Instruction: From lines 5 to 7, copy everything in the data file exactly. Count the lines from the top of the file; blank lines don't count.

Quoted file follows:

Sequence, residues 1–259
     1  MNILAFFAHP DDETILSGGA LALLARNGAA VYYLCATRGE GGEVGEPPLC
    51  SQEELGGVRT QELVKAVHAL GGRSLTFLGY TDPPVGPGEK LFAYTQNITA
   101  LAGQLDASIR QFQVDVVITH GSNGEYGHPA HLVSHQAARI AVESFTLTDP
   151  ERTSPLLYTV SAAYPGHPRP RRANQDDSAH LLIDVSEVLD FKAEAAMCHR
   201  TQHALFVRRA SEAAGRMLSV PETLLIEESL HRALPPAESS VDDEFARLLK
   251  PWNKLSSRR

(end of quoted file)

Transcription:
   151  ERTSPLLYTV SAAYPGHPRP RRANQDDSAH LLIDVSEVLD FKAEAAMCHR
   201  TQHALFVRRA SEAAGRMLSV PETLLIEESL HRALPPAESS VDDEFARLLK
   251  PWNKLSSRR